In this blog, we are going to take a look at the practice of breathwork. What exactly is breathwork and how is it beneficial to us? We are also going to look at verses about breath in the Bible and find out what the Bible says about the breath of God.
As Christians living in the 21st century, it can sometimes seem that we have no choice but to go at a breakneck speed, trying to catch up to everything and everyone around us. But this isn’t true. Let’s remember what Paul said about the way that we should live our lives:
“Since we live by the Spirit, let us keep in step with the Spirit.” Galatians 5:25
Keeping in step with the Spirit means understanding the pace of God. It means finding the pace that is well-fitting, neither too fast nor too slow. Not racing or dawdling, but listening, intuiting and feeling the way that He wants us to live.
I have practiced breathwork many times in my life, and much of it is innate. If we are feeling stressed by a certain situation and wondering what to do, we will breathe in and out deeply. It is part of our nature, but if we look a little more into some breathwork practices, we will find that they have physiological and emotional benefits. Since discovering the 478 breathing method, I have begun to use that when I am feeling overwhelmed and need a burst of energy. You can read more about this method here.
What Is Breathwork?
Healthline.com defines breathwork as “different breathing techniques, programs, and exercises. All of these exercises focus on your conscious awareness of your inhales and exhales. These exercises use deep, focused breathing that lasts a specific amount of time.” There are several different types including box breathing, diaphragmatic breathing, pursed lip breathing and alternate nostril breathing.
The emphasis with all of these different methods is to gain a sense of control of your breathing, to become mindful by slowing down and paying attention to your body as it responds to the different types of breathwork.
Your body will reap the rewards by being flooded with oxygen. Breathwork will help you to relax, lower your heart rate, lower your blood pressure and improve your core muscle stability.
Bible Verses About Breath
The significance of breath echoes throughout the Bible. Right back at the beginning, when God created the world, He spoke things into being. When God created Adam and Eve, He put the breath of life into them:
“The Lord God formed the man of dust from the ground and breathed into his nostrils the breath of life, and the man became a living creature”. Genesis 2:7
God breathed life into Adam because He is the giver of life. It all starts with Him. When we practice breathwork, we are connecting again to Him, the One who came before all things.
2 Timothy 3:16 tells us that: “All Scripture is breathed out by God”, so not only did He breathe life into the first human beings ever to walk the planet, He breathed out scripture, the words that have inspired countless millions of believers over the years.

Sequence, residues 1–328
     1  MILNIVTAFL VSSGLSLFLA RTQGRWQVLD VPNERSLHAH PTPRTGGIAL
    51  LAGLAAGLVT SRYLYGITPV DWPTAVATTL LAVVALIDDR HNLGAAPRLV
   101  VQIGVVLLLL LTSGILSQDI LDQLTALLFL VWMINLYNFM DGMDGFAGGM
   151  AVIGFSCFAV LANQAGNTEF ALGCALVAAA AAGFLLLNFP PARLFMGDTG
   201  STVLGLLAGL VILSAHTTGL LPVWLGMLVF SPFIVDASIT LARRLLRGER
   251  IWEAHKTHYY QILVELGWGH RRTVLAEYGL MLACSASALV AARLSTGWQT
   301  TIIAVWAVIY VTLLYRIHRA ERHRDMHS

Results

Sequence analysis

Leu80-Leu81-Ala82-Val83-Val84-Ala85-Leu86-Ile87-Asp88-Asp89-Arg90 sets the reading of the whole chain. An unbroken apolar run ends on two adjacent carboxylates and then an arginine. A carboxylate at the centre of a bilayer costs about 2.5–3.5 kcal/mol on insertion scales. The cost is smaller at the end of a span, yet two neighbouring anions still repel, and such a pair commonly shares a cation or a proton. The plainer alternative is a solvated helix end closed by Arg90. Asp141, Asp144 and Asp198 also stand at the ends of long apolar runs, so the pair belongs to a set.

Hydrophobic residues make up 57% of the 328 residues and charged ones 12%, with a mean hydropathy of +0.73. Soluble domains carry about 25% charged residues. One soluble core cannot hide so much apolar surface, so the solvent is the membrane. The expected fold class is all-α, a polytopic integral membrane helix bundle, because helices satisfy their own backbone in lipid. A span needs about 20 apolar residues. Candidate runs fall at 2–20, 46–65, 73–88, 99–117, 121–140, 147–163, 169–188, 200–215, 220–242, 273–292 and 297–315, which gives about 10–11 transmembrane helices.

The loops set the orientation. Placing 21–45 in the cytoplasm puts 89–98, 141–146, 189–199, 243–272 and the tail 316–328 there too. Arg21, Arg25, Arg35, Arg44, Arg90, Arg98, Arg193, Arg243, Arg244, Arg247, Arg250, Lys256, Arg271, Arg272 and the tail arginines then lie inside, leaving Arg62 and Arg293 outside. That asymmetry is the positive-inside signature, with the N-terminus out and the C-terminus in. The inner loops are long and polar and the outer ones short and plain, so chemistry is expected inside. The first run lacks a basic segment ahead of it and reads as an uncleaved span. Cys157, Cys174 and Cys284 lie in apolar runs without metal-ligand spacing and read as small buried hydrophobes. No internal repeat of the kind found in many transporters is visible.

When Jesus walked the earth, He breathed on His disciples as a way of anointing them with the Holy Spirit, so we see here that breathing can be a way of bestowing a gift.
“Jesus said, “Peace be with you! As the Father has sent me, I am sending you.” And with that, He breathed on them and said, “Receive the Holy Spirit.” John 20:21-22
Breath is also used in the Bible to signify change and power.
“For He will come like a pent-up flood that the breath of the Lord drives along.” Isaiah 59:19
There is something primal in breathing. It is the first thing we do when we are born. It is the most important action, that we repeat over and over again throughout our whole lives. It is an automatic reflex that keeps us alive. We fall asleep but we still breathe. The act of breathing sustains us from the day we are born until the day that we die.
Breathing speaks of birth because it is where things first begin. When God speaks, He creates. “Let there be light”, He said, and there was light. When it came to healing, reinstating, and bringing back to life, Jesus spoke. He breathed the words of life and changed the world forever.
The incredible passage of Ezekiel 37 shows how words bring forth life. Take a moment to read it now if you can. In this vision, the prophet sees beyond the hopeless reality of the situation. Words literally clothe the bones with flesh and put breath in their lungs: “I will put breath in you, and you will come to life.”
And Now To Us
The very act of breathing is a signifier of life. And since we are co-creators with God, doesn’t that also mean that we get to co-create with God? To call things into being with our words too? (Rom. 4:17)
With our breath, we get to give glory to God, to release all of our pent-up stress, to be mindful and thankful for each day that we live on this planet. We get to speak hope into situations, to speak life over our friends and family. We get to call things into being as God does, and speak creative words of life over jobs, situations, illness and despair.
We remember that it all comes back to Him, the One who gave us life right at the beginning, and every day our breath is His, to speak forth hope into a fallen world. We consider our breathing because we are sons and daughters of the Most High God and it is not in our DNA to be weighed down, stressed or rushed. We give Him our breath and along with that, all the words that we will utter in our lifetime.
“The Spirit of God has made me; the breath of the Almighty gives me life.” Job 33:4
We hope that this blog has encouraged you to think about Bible verses about breath and how they can help us on our walk today. We hope it also gives you a reason to take a moment to appreciate the breath of God in your lungs.